“People will call you from phone numbers that you know, and phone numbers that you call frequently,” said Anderson. “Because they have that data, and they have that information, which is really scary, but it’s something that people need to be aware of.”
A bigger challenge, perhaps, is that many people don’t want to appear rude by hanging up on a caller, or choosing not to answer the door when a stranger knocks.
But, in reality, both of those things are okay, especially if you don’t know who’s on the line or who the unexpected visitor is that’s ringing your doorbell.
“Don’t do business at the door,” recommends Howard Schwartz, executive communications director for the Connecticut Better Business Bureau, who said that if it’s an unsolicited person or persons trying to sell you something, or offering to do work on your home, it’s probably best to decline.
“They’ll generally try a high-pressure sales tactic, the most common of which is to say this is a “today-only” offer, this special price, hoping you’ll sign on the contract or pay a deposit.”
Schwartz said that making an on-the-spot decision is never a good idea because it doesn’t allow for enough time to thoroughly consider or vet the offer.
“It doesn’t give us the chance to do our research, to find out if the person who’s knocking on the door is legitimate, or from a legitimate company, and unfortunately sometimes they will use the names of well-known, trusted companies, and claim they’re representing them to try and perpetrate their scams.”
Opening the door to a stranger can pose other risks as well, according to Schwartz.
“If they convince you to let them into your dwelling, they might be scoping it out for potential plans in the future to break in.
“And, unfortunately, since you don’t know who you’re dealing with, it can result in physical harm. They can hurt you – or worse.”
Computers are another popular conduit for fraudsters, who often use scare tactics to frighten people into thinking their devices have either been hacked or infected with a virus.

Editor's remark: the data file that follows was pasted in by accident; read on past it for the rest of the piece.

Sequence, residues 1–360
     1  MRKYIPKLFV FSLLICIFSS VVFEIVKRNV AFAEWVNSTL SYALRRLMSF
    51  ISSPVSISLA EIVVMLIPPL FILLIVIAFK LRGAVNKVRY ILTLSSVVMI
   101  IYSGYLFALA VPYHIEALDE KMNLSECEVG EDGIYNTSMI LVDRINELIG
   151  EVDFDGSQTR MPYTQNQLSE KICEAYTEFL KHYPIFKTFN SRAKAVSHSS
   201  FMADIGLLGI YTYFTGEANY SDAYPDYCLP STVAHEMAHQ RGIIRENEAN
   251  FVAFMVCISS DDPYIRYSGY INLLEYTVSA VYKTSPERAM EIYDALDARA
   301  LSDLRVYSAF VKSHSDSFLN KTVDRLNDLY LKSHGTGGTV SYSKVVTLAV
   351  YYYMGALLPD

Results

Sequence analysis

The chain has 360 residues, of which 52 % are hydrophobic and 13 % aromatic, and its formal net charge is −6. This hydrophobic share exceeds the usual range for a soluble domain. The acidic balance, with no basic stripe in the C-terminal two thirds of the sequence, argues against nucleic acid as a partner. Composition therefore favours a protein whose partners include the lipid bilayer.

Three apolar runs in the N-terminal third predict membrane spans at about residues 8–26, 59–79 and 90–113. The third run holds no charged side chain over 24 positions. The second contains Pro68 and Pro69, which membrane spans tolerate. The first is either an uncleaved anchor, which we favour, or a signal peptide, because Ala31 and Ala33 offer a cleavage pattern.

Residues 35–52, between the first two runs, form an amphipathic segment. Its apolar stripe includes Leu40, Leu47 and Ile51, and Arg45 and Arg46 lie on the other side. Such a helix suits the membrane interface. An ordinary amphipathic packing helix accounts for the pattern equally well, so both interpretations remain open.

To minimize the potential of becoming a victim, Anderson suggests being proactive by saving the information that comes with your device or software, so you’re aware, in advance, of who to contact if there’s a problem.
“It’s important to know that if there’s a problem with my computer, where’s my warranty, where can I get it fixed,” said Anderson. “That’s a good thing to hold onto.”
She also recommends working with an IT professional, or even a tech-savvy family member who can make sure that your computer is running antivirus or antimalware software.
“Make sure you have the appropriate protections installed on your computer, and that they’re updated regularly.”
And if you haven’t contacted a computer, software, or technology company for assistance, don’t believe anyone who randomly calls to inform you that your device is in jeopardy, let alone allow them remote access to it.
“The consequences of letting someone into your computer is they can have access to any, all documents that you have on your computer,” said Schwartz, “as well as your contacts.”
In addition, he said that bogus technicians will often keep victims on the phone for hours as they “fix” the problem, racking up a hefty bill to be paid at the end.